Tonight is the State of the Union address. It is Obama’s last before the election in November, and will likely be the first major broadside against his Republican opposition in the coming contest. By all accounts, Obama’s will be a populist message to the American people. In general, populism is defined as “a common theme compares ‘the people’ against ‘the elite,’ and urges social and political system changes.” Obama has been working on such populist themes for a little while now, even as he’s appeared rather quiet in the face of the continuing tumultuousness of the Republican contest.
America’s been working on its own populist themes, too: the Tea Party and the Occupy movements. The time may indeed be ripe for such kind of rhetoric–and action. Is this, however, just a political move? Does Obama really hold these principles? How will they work themselves out in the real world and will they truly benefit the American people? Will his proposals even be considered by a hostile Congress? These are the matters that Americans of all political persuasions will have to debate after tonight.
In any case, if Obama is indeed turning his not insignificant campaigning skills (remember 2008?) to this new theme, the Republicans had better be ready. Unfortunately for them, the two remaining candidates who could most powerfully offe an opposing populist view (Ron Paul and Rick Santorum) have little chance at the nomination. Ron Paul’s libertarian populism was born for this kind of debate, and Rick Santorum’s modest lifestyle would lend itself well to being “of the people.”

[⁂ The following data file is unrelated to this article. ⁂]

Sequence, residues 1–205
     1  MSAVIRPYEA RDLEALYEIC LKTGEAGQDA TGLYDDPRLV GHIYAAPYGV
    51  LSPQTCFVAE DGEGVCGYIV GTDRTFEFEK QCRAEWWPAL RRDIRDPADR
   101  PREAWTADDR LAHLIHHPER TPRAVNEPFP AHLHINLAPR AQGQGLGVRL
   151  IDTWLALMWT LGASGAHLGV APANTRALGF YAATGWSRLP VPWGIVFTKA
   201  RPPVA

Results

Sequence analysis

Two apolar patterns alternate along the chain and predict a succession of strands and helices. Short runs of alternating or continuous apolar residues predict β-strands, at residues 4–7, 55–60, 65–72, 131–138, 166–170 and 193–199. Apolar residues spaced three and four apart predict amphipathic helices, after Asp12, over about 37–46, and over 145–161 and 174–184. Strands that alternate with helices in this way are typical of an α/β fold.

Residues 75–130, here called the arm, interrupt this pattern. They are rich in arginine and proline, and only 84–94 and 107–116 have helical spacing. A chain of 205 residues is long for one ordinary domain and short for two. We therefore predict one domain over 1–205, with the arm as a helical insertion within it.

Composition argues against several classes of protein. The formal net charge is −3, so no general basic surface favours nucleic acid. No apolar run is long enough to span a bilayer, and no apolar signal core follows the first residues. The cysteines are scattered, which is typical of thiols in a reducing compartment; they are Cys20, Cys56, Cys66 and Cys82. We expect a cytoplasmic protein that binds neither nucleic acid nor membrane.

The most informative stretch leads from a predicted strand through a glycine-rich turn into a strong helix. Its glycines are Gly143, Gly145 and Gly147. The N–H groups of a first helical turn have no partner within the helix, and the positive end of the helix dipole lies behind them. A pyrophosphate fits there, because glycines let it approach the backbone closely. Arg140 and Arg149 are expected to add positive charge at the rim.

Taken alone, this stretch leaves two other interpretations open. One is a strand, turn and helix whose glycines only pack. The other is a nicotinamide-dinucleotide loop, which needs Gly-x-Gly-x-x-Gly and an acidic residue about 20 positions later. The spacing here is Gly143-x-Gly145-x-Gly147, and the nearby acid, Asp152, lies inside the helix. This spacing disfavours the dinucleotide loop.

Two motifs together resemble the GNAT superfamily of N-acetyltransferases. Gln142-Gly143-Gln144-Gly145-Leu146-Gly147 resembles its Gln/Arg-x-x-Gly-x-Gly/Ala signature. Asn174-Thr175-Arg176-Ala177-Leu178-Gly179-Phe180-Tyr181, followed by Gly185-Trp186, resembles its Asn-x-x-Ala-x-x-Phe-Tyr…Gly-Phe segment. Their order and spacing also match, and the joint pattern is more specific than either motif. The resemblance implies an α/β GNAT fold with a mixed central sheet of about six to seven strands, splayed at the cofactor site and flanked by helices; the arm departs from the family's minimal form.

The two leading candidates may be rather ill-suited to respond to populist sentiments. Newt Gingrich could do it, but his unpredictability, years inside the Beltway, and questionable activities and reimbursement as a (pseudo)-lobbyist raise a lot of questions. And Mitt Romney? Well, he is incredibly rich and has an almost pathological inability to connect with the common man and woman. He’s still likely to get the nomination, but it is somewhat difficult to see how he could ever compete in an election framed by populism and “I feel your pain” moments